Dynamic row-level security implementation (part 1)

Row-level security provides a facility to restrict or filter users’ access to data at the data row level. Applied within Power BI or a SSAS tabular data model, it essentially enables the ability to restrict data access via pre-defined roles which are applied to report user members.

As an example, a role can be set up to filter product data to only show one or more specific products . When this role is then assigned to a user, that user can only view the corresponding subset of products.

Image of employee, manager, department sales table data containing a manager and an employee’s access to specific sales records.

The above approach, however, can become a maintenance challenge, as new roles are created or the membership of users within a role changes. A more flexible approach is to implement dynamic row-level security whereby the filtering of the data is not determined by a role statically defined to an attribute.

Instead the filtering is determined by a combination of the user accessing the report and the data related to that user. In this way, users are effectively maintained in a control table, which removes the maintenance challenge associated with creating new roles or changing role membership.

Furthermore, it provides a centralised and scalable row security solution. In this approach, the restriction of user access to a subset of rows is achieved through the table relationships in the data model.

The example below illustrates the concept using a fictitious sales company. In this scenario visibility of employee sales data needs to be restricted to the department sales manager – a department sales manager should only be able to view sales data for their own staff (staff directly related to the manager), for example, a Bike Sales Manager is only allowed to see sales for employees within the Bikes department.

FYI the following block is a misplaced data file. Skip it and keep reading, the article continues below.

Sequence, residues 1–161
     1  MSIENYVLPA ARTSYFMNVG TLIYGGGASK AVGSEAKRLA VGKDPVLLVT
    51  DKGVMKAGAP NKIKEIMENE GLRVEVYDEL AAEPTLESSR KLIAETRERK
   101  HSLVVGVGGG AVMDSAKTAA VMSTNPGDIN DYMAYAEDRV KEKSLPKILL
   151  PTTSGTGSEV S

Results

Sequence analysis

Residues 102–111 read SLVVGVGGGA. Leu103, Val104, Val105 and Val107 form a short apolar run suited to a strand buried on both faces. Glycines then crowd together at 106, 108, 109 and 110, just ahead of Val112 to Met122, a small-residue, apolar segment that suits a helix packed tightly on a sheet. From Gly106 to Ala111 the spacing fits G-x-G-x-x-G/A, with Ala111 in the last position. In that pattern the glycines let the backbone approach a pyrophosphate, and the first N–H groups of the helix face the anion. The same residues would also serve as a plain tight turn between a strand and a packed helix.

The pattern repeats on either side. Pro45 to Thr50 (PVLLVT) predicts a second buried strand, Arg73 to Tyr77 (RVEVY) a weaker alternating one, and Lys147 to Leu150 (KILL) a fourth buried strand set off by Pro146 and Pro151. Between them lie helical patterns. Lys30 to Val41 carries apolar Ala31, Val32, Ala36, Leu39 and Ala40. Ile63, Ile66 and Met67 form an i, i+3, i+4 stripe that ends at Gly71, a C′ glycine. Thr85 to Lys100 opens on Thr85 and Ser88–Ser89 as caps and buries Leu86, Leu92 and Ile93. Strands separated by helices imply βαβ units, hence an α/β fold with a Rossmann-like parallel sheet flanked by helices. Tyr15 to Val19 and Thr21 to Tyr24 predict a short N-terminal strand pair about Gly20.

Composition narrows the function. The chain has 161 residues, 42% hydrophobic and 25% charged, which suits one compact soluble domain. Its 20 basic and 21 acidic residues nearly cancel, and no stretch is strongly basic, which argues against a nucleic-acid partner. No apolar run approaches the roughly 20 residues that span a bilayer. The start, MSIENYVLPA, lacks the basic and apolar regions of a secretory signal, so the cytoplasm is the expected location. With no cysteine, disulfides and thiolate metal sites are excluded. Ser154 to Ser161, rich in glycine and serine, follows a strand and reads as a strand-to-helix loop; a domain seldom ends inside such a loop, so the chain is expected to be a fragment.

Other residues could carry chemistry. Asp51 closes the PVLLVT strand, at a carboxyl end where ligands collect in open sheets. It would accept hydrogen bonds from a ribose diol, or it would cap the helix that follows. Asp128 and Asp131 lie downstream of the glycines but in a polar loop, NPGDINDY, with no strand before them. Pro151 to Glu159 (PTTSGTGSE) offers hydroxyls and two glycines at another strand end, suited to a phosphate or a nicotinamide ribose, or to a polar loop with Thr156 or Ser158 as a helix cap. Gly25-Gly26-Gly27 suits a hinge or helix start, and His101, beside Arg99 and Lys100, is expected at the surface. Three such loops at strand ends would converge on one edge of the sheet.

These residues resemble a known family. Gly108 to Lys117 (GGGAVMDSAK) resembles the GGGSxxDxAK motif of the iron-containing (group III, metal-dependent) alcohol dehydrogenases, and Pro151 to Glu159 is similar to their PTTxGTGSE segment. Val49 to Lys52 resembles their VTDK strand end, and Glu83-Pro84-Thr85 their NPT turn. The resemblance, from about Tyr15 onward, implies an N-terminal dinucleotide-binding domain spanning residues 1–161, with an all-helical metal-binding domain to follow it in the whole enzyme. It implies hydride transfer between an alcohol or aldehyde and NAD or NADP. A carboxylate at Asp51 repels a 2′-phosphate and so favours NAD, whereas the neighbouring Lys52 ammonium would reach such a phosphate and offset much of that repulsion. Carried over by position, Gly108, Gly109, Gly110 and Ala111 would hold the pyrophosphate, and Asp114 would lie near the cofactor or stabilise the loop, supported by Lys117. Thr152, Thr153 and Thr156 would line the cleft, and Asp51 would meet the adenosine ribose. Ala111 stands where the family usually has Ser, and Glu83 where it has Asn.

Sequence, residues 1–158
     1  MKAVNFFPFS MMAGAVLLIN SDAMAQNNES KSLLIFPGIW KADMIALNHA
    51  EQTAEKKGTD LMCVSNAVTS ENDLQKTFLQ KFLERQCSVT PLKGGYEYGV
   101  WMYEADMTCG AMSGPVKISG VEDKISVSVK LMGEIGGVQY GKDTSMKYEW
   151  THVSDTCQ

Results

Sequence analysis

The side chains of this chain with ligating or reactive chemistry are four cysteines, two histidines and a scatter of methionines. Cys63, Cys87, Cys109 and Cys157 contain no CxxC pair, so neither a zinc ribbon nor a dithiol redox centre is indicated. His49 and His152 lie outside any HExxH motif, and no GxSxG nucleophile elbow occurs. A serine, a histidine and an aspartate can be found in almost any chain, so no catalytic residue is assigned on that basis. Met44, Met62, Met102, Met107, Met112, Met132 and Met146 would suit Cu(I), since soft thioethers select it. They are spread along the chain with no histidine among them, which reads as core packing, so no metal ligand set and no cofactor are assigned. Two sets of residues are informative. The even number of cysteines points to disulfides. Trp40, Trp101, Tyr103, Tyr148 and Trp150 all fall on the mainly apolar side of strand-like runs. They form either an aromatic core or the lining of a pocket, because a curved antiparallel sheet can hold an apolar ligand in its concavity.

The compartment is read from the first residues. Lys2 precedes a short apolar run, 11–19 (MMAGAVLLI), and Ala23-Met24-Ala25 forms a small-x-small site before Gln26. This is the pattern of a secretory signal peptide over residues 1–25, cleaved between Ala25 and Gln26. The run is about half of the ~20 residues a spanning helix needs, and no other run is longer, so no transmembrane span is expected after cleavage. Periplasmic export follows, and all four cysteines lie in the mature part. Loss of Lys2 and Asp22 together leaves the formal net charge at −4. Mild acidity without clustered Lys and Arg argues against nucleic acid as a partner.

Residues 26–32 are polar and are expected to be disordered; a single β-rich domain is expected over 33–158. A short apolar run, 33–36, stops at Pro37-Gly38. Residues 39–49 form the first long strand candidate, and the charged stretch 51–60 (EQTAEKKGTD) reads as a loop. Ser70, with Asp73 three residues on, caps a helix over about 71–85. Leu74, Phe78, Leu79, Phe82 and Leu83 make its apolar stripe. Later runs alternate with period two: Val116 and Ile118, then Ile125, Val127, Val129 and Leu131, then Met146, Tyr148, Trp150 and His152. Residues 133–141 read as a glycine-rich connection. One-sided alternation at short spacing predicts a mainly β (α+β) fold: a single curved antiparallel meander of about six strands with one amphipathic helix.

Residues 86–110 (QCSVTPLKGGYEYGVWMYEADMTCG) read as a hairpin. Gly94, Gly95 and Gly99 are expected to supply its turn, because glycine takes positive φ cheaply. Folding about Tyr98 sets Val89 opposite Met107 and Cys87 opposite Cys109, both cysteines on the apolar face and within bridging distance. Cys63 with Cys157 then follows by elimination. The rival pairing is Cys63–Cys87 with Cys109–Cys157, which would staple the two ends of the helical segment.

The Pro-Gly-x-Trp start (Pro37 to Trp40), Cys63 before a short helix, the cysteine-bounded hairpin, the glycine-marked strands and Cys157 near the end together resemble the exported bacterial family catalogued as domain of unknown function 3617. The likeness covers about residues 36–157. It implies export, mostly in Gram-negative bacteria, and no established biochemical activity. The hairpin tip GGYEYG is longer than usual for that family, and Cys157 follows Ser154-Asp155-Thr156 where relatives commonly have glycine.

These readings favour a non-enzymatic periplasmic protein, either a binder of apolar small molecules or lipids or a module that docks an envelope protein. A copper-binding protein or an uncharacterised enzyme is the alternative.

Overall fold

How do we configure this in Power BI?

Firstly, create the tables for Power BI importing data sources via Power Query, transforming data where appropriate and model table relationships into a star schema as follows:

Employee table: Contains all employees with assigned department and login email referenced as username.

Image of employee table data containing employees assigned to sales departments.

  • Sales table: Contains sales revenue by date associated to an employee.

Image of employee sales table data containing employees’ sales achieved by sale date.

In addition, we require the following tables created to implement dynamic row level security:

  • Manager Table: Contains all Manager logins that can access the report assigned a unique User Id.

Image of manager table data containing all managers login accounts.

  • Manager To Employee mapping table: This table maps the Manager who is accessing the report to the related employees a manager is authorised to view.

Image of table showing manager and employee relationship data.

The Power BI data model is illustrated below. We use the process of filtering via table relationships i.e. a given user (Manager) filters the manager/employee mapping table (ManagerToEmployee), which then filters the Employee table, which then filters the Sales table.

Image of data model illustrating table relationships between managers, employees, and sales data.

Note in this data model that we have a relationship between ManagerToEmployee and Employee tables which is applied in both directions. If we do not set the “Apply security filter in both directions” option in the relationship settings then the filtering on Employee will not be applied and the manager accessing the report will see all employee sales from all departments.

Image of Power BI data model relationship cardinality and cross filter properties for the employee table and manager / employee bridge table.

In Part 2 we will set up a role in Power BI to apply dynamic filtering to a report.